Racehorse Drama ‘Kincsem’ Receives $7.76 Million from Hungarian Film Fund (EXCLUSIVE)

'Kincsem' follows the fortunes of the champion racehorse

Racehorse Drama 'Kincsem' Receives $7.76 Million
Szabo Adrienn

LONDON — The Hungarian National Film Fund has unveiled the list of five movies to receive production support in its latest funding round. Leading the pack is period romantic drama “Kincsem,” which received 2.2 billion HUF ($7.76 million).

“Kincsem” centers on a feud between the Hungarian aristocrat Erno Blaskovich and the Austrian army officer Otto von Oettingen, a tempestuous love affair between Blaskovich and von Oettingen’s unruly daughter, Klara, and the career of the champion race-horse Kincsem.

Gabor Herendi, writer-director of the Hungarian box office hit “A Kind of America,” directs his first feature film in seven years.

“Kincsem” is produced by Tamas Hutlassa (“Kontroll,” “Land of Storms,” “War of Wits”) and co-produced by Herendi. The cast is led by Ervin Nagy (“Chameleon,” “White God”) and Andrea Petrik (“Afterlife”). The 72-day shoot began in the Hungarian countryside at the end of last month.

Also receiving funding is “Gas Station,” which is Attila Gigor’s second feature film following “The Investigator” in 2008. The film received grants totaling $1.3 million. The movie is set at a gas station in the middle of nowhere, where a young man arrives to meet his father, whom he hasn’t seen in 30 years. A van carrying four prostitutes on their way to Switzerland breaks down at the gas station.

The cast is led by Zsolt Kovacs and Peter Jankovics. The film is produced by Ferenc Pusztai of KMH Film, which produced Agnes Kocsis’ “Fresh Air” and Adrienn Pal and Gyorgy Palfi’s “Free Fall.”

Gigor’s “The Investigator” was awarded best genre film, actor, screenplay and editor at Hungarian Film Week in 2008, and won the Don Quixote Prize in Karlovy Vary and the Fipresci Critics Prize at Warsaw the same year.

Another recipient of funds from the Hungarian National Film Fund is “Brazilians,” the directorial debut feature from Csaba M. Kiss. It is co-directed by Gabor Rohonyi. The film received $1.3 million from the fund. It is set in a remote village, where the mayor has been urged by the new young priest to allow a gypsy soccer team, called the Brazilians, to enter the local cup. The winning team is to be invited to Rio de Janeiro, thanks to funding from a local millionaire. As the championship proceeds, emotions drive the village folk in surprising directions. Franciska Farkas (“Victoria – A Tale of Grace and Greed”) leads the cast. The film is produced by Monika Mecs and Erno Mesterhazy of M&M Film.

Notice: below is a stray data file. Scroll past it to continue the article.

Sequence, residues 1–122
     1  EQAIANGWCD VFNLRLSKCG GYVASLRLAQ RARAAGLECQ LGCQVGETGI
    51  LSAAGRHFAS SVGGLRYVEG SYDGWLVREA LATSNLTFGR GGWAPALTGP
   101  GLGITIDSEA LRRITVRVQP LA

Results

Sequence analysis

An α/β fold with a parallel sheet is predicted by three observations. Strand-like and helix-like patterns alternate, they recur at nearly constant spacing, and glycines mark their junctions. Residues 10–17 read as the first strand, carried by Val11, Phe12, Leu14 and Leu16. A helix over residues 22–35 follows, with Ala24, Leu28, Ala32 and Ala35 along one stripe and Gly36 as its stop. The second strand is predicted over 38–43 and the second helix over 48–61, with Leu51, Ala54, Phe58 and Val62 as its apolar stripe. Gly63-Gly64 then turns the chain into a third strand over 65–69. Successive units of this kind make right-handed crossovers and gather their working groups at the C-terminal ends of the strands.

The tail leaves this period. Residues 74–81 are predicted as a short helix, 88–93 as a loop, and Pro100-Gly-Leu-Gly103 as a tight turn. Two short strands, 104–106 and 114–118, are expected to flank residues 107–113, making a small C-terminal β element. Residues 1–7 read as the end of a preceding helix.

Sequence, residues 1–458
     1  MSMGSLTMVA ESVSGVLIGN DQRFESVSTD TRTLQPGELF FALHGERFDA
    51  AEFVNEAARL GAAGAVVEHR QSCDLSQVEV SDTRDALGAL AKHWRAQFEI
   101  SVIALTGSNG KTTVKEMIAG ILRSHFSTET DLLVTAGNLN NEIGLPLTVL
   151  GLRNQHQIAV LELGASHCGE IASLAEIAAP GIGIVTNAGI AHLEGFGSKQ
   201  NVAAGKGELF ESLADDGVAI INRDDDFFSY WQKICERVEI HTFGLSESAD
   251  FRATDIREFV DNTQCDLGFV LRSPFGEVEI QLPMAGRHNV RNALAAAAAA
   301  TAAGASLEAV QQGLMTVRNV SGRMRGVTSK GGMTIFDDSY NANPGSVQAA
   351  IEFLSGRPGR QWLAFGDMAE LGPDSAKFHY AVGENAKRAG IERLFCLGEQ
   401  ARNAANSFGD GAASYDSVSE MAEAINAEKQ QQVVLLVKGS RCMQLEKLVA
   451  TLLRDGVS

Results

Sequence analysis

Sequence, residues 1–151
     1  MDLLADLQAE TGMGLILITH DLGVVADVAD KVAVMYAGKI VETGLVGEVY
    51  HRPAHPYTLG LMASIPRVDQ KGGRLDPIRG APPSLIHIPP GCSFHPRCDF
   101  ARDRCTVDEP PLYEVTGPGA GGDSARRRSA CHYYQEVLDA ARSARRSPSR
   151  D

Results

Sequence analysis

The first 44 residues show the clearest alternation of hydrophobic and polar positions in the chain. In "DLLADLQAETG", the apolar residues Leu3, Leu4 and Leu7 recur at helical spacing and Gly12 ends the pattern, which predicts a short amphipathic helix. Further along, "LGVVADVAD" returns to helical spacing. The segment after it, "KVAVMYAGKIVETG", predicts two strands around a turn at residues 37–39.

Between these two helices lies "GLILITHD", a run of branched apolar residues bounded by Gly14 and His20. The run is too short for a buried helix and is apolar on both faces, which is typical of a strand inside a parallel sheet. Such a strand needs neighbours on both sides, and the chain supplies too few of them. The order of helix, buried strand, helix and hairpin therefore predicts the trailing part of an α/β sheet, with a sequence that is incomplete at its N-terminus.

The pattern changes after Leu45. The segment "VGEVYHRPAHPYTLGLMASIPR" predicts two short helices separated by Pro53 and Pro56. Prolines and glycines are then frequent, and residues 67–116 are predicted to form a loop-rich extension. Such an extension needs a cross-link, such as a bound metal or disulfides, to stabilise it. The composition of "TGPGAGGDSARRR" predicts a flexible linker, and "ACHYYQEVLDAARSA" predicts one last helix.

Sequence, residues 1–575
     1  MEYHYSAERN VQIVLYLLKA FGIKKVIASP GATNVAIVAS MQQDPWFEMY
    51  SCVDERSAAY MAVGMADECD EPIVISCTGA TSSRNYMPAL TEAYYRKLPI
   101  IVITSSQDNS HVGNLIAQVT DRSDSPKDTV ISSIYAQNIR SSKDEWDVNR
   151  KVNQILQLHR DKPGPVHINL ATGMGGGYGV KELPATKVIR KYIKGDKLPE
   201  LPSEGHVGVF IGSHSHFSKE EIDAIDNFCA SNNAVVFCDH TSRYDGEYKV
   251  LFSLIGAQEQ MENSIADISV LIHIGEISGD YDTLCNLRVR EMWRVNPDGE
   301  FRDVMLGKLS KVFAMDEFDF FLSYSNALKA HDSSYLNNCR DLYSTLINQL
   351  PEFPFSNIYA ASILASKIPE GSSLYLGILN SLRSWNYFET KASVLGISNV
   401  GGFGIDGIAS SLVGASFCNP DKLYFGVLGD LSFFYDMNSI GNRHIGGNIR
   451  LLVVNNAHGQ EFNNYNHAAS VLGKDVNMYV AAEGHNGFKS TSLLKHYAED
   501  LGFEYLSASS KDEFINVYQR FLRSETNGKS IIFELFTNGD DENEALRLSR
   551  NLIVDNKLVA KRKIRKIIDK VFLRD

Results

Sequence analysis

Ferenc Torok’s movie “1945” received $1.17 from the fund. Torok, whose credits include “Moscow Square” (2000), adapts Gabor T. Szanto’s short story “Homecoming.” It is the writer-director’s seventh feature film. The movie is set in a Hungarian village in the summer of 1945 as preparations are being made for a wedding. Arpad, the son of the influential town clerk, is getting married to Kisrozsi, the former fiancée of his friend, Jancsi. The girl believes that her former lover was killed on the front lines, but then Jancsi returns. Now a communist, he is taking part in the redistribution of land. The town clerk hopes to maintain the status quo as he has profited by redistributing the possessions of deported Jews. Amid the wedding preparations, two Orthodox Jews arrive at the village train station with mysterious boxes labelled “fragrances.”

The cast is led by Peter Rudolf, Eszter Nagy-Kalozy and Tamas Szabo Kimmel. The film is produced by Ivan Angelusz and Peter Reich of Katapult Film.

The final film to receive funding is “Cojote,” which promises impressive visual effects. The film is the debut feature from the commercials director Mark Kostyal. The production grant is $1.13 million. The movie takes place in a small town during the muggy heat of summer. Misi, who has inherited his grandfather’s house, arrives in town. He is a disillusioned young man who can’t find a purpose in life. He starts to renovate the house with some men from the town, but this puts him at odds with the local oligarch.

The film is produced by Gabor Kalomista and Dorottya Helmeczy of Megafilm.

All films are being sold internationally by the fund’s sales arm, HNFF World Sales.

Previous films to be backed by the fund include Laszlo Nemes’ “Son of Saul,” which won the Grand Prix at the Cannes Film Festival, and is Hungary’s official entry in the foreign-language film category of the Academy Awards.